Shelby County Commission (Photo: Shelbycountyyn.gov)
Shelby County commissioners expressed their concerns over maps presented during a redistricting committee meeting on Monday.
The 2020 U.S. Census data was released in August and gave officials statewide only a few weeks before Nov. 8 to submit redistricting maps. With that in mind, commissioners on the county’s redistricting ad hoc committee set out to discuss and vote on their top three choices before a final vote next week.
Commissioner Tami Sawyer questioned the commission’s efforts to create a transparent redistricting process since the Ad Hoc Committee had previously voted to close the public input process before a public session held Saturday to allow for public input.
“I understand that we’re up against the wall…but I also want us to do what’s right and I also want us to do what’s best,” said Sawyer.
Sawyer also pointed out that among the 10 maps presented, one publicly-submitted entry had completely redrawn District 7, which Sawyer represents, and showed partisan results. Sawyer then called into question who submitted the map.
Darrick Harris, with the Memphis and Shelby County Division of Planning, said he had personally overseen nine of the 10 entries but had nothing to do with entries submitted by public entities. In this case, Harris did notice that the disputed map had used two different sets of census data from 2010 and 2015.
“There’s nothing really nefarious about that but it kind of is what it is,” said Harris.
Sawyer countered that the disputed map had originally been presented by the Shelby County Republican Party and submitted by Commissioner David Bradford.
“I didn’t know that the Shelby County Republican Party had a seat in this commission and they definitely shouldn’t have a seat to draw District 7 into East Memphis,” she said.
Commissioners Michael Whaley and Brandon Morrison also objected to another map pitting both commissioners against each other.
“Basically [it] removes most of my current precinct from me,” said Morrison, who oversees District 13.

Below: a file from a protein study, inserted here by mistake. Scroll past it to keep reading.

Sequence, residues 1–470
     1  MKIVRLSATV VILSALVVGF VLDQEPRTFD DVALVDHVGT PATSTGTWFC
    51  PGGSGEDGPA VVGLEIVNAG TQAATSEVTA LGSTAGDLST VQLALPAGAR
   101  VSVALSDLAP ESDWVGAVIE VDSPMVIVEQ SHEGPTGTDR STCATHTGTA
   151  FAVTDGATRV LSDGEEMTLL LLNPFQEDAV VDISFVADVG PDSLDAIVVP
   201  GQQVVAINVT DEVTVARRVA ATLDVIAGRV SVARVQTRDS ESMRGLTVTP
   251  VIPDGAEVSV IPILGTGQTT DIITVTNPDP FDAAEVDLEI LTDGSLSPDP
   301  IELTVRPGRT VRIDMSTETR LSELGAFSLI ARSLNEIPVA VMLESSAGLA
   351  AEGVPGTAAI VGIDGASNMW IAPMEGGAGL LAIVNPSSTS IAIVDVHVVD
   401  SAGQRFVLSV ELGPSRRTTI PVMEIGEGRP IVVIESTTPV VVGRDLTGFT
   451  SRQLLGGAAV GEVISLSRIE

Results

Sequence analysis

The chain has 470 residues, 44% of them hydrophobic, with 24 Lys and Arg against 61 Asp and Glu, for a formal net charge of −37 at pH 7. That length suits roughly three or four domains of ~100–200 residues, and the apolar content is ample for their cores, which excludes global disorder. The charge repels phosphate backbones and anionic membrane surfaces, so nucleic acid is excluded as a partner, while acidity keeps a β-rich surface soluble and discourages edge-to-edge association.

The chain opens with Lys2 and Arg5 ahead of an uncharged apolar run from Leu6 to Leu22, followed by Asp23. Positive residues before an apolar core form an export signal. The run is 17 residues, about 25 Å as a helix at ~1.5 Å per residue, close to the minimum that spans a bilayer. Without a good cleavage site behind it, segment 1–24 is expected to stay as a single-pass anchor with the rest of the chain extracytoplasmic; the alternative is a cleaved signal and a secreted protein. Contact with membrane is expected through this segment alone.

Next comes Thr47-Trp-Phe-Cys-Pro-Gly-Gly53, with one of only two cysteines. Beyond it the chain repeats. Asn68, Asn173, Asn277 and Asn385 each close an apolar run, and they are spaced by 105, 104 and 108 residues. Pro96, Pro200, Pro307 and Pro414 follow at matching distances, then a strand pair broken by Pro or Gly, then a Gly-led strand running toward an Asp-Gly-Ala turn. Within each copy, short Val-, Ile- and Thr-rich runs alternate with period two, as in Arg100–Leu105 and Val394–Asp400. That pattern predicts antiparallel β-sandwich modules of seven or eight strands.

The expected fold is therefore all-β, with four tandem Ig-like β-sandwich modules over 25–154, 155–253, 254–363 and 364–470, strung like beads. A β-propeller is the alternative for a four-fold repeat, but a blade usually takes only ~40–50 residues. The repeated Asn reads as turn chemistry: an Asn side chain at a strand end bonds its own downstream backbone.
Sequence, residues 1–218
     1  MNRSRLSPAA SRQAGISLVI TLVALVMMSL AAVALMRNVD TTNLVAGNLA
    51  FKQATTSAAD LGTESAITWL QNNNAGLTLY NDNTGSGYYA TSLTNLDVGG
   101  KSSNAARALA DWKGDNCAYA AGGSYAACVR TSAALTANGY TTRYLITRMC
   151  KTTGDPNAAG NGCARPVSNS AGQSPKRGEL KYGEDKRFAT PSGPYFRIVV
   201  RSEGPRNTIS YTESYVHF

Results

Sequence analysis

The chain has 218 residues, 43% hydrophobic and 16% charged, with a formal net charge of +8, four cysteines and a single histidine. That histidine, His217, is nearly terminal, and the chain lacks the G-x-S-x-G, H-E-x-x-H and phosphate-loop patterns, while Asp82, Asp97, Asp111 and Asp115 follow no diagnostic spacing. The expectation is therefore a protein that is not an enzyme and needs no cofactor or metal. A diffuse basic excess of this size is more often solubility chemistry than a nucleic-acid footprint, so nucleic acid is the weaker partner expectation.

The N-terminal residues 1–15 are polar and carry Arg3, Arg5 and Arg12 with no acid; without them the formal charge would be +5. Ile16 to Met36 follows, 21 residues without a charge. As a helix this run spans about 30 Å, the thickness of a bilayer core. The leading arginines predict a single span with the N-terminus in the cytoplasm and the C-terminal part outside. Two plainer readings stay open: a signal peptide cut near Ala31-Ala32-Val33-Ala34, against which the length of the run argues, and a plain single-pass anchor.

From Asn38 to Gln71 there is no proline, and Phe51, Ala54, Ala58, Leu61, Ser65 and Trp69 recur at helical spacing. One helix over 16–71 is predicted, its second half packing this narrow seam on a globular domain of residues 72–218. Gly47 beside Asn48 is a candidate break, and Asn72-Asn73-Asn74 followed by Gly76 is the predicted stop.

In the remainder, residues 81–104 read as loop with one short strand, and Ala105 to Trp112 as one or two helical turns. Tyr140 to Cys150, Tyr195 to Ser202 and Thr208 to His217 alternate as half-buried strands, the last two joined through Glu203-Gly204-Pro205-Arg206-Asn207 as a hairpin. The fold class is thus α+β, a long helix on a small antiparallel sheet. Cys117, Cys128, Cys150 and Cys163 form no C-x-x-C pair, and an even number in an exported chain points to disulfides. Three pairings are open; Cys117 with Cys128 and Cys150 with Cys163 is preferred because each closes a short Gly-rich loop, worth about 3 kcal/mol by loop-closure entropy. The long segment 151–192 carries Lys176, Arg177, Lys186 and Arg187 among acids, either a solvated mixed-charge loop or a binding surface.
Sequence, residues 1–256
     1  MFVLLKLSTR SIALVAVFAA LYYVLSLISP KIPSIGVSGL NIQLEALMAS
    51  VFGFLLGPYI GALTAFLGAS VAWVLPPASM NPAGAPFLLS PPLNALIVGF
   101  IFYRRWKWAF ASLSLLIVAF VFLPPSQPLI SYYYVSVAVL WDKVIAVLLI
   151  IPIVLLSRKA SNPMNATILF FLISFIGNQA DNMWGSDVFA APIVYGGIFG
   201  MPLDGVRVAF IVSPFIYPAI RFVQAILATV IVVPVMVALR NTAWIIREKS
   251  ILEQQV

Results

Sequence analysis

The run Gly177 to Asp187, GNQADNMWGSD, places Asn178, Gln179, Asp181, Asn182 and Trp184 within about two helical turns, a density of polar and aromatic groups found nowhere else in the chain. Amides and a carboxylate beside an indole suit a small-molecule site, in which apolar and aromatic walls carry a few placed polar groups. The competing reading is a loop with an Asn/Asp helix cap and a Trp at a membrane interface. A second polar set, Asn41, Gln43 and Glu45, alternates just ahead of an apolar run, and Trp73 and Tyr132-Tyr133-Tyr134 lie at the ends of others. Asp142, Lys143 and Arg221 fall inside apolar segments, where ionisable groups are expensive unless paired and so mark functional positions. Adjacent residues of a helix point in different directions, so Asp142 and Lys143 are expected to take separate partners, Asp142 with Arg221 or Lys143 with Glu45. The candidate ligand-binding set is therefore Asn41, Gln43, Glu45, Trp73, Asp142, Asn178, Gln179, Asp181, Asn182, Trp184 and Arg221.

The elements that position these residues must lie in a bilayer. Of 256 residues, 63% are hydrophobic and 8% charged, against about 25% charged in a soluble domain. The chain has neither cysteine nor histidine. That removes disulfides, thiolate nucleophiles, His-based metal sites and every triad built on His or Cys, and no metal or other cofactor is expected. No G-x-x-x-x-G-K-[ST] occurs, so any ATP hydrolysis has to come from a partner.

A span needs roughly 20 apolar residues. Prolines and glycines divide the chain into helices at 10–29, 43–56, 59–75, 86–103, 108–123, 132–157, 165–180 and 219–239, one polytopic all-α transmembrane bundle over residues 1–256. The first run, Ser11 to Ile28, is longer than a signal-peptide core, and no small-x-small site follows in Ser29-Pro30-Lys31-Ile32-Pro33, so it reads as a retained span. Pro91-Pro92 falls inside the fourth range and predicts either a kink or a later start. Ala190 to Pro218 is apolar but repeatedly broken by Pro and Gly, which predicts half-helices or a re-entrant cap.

“One of the reasons I spoke out against this one is because I think this also doesn’t meet one of our [criteria] to district lines to represent communities of interests,” said Bradford, District 2, asking for the map to be removed from consideration.
Since the 2010 Census, Shelby County has seen a slight increase in population numbers, from 927,644 in 2010 to 929,744 in 2020.
Populations have instead shifted across Shelby County, with some areas seeing a significant decrease in population numbers. On Saturday, maps presented by Harris showed that District 2, overseen by Bradford, had the largest increase by 8,179. In District 7, populations decreased from 72,227 to 66,959 and District 13 decreased from 70,747 to 69,894. District 5 increased from 70,581 to 72,341.
In creating redistrict maps, Harris explained at Saturday’s public hearing that his intention was to balance the districts while keeping in mind that certain areas had declined or grown. Political interests were respected, but the goals centered on creating equal and proportionate districts.
“But the broader point about what an incumbent may have to do to adjust his or her campaign approach should not dictate and determine what we allow to be considered as adequately representative of the population,’’ said the Rev. Earle Fisher, an unelected member of the commission committee.
“As the public representative, I’m just saying, tough cookies,” he added.
Commissioners eventually voted to recommend maps 3A1, 4A3 and 1C1for a final vote at next week’s full commission meeting.
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